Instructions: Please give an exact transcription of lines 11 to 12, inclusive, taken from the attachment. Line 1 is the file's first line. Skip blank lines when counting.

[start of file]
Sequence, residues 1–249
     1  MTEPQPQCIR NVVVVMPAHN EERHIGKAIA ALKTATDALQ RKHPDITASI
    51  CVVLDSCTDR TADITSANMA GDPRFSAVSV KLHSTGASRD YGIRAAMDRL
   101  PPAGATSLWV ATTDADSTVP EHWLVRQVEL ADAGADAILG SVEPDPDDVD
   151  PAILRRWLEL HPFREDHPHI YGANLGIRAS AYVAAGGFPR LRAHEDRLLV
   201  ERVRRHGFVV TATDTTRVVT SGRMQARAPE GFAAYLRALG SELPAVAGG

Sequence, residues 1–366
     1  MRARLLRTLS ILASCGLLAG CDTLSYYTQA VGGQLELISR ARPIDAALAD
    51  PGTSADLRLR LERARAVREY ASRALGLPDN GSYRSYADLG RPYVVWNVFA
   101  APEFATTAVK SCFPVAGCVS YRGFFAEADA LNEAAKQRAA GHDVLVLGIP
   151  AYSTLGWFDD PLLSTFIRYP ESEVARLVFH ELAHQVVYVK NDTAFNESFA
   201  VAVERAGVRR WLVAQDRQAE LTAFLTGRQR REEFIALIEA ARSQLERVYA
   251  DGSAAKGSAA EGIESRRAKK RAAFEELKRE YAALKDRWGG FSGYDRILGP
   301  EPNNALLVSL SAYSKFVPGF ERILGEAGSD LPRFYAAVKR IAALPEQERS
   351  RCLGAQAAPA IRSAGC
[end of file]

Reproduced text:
   151  AYSTLGWFDD PLLSTFIRYP ESEVARLVFH ELAHQVVYVK NDTAFNESFA
   201  VAVERAGVRR WLVAQDRQAE LTAFLTGRQR REEFIALIEA ARSQLERVYA